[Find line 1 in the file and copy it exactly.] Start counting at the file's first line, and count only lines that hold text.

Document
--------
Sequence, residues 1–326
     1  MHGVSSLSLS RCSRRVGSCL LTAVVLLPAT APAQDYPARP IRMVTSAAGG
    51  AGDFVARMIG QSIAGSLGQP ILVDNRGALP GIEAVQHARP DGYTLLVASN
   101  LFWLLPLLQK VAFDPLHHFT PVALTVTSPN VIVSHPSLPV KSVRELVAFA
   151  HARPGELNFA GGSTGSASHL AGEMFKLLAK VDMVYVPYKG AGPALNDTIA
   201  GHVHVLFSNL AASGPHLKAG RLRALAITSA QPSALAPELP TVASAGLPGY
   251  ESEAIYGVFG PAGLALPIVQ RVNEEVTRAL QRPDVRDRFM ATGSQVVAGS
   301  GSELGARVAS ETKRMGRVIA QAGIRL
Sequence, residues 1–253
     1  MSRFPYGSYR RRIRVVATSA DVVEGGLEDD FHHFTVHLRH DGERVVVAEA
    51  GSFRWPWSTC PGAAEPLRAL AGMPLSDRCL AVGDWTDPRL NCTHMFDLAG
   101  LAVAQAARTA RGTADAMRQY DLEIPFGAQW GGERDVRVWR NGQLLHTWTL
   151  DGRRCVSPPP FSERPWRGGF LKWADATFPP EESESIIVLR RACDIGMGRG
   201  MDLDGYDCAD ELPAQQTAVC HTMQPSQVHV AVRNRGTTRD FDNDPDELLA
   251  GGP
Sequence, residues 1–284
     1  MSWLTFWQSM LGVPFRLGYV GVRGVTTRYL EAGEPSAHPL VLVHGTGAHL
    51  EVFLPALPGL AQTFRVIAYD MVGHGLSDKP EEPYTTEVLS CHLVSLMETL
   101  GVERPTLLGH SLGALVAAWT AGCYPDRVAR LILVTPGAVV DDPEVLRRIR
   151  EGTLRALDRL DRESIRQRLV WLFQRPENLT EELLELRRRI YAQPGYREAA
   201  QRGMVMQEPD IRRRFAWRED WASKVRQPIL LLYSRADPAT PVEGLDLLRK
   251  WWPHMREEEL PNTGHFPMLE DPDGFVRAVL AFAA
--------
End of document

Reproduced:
Sequence, residues 1–326